And so the roots of Youth Climate Lab were really a response to the existing gap in capacity-building for youth within international spaces.
At COP26, we are revisiting that state of affairs a little bit, and we are noticing that all of this is basically still true. Young people are still struggling, and are facing so many barriers to entering spaces of international decision-making.
As an organization headquartered in the Global North, we ask: what can we do to pull together capacity-building resources and focus on the necessary training work to address this gap?
We're also looking forward to continuing the work around the climate finance letter that our associates from the Climate Resilience Collective in the Bay of Bengal put together. Bangladesh is incredibly climate vulnerable, and we had a program where a lot of locals worked on connecting their lived experience to climate, and realizing it at the stage of climate finance.
We will be preparing and getting endorsements for the next COP, which is being held in Egypt. And so now that it's not in Europe, there can be a pretty different sort of agenda setting. We're really looking forward to finance continuing to be a really big point of conversation.
We're also realizing that there might be a skills gap in the technical tools that young people need to tell these stories. You know, a lot of people are really good at telling them, but maybe there's a bit of a gap to fill around different ways to tell them, whether it's through film or photo stories.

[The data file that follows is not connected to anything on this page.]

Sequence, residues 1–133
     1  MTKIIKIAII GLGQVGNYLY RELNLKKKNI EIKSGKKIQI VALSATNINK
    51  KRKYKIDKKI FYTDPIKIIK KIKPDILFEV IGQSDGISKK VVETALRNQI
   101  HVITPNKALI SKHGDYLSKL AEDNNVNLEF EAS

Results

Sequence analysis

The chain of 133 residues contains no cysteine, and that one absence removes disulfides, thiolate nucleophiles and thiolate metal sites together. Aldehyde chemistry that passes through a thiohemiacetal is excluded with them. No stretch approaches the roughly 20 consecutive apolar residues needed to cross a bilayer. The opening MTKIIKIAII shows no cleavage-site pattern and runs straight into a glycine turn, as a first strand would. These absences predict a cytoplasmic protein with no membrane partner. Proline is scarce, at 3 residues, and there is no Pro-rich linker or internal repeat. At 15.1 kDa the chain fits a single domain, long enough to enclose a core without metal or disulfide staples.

What is inspiring you right now at COP26 and in this current moment?
Yesterday I sat in on an informal global stock-taking plenary. During a global stock-take, all the ministers from different state actors will come together and talk about their climate commitments. It's really interesting, because it's very connected to how they will actually carry out their Nationally Determined Contributions to reducing their greenhouse gas emissions.
At first I did go in there with a lot of cynicism, because I was seeing a lot of tokenism, competitiveness and also states not being on the same page about the kinds of priorities and methodologies we need to get to certain places. But as I stayed a little longer, I heard a few ministers start to talk about how, globally, a lot of countries seem to actually be approaching the same page. And that gave me at least a little bit of hope about what we might be able to accomplish on the international stage.
And I will say this: part of the reason I wanted to enter that official space with hope — despite feeling instinctively cynical — was because of the lessons that have been shared with me surrounding care and joy. I have learned from Indigenous activists and from youth, who have really been leading on this, that you can’t do this work from a bad place. You really need to come to it in a good way, keeping in mind that everyone has a different relationship to what that "good" way really is.
On that note, what is really giving me excitement is witnessing the strength of Indigenous youth and activists here. You know, they continue to be on the frontlines of this work all around the world, and seeing their solidarity across borders has really felt inspiring. In my small way, I hope to move forward those lessons.
Read more: Rights + Justice, Environment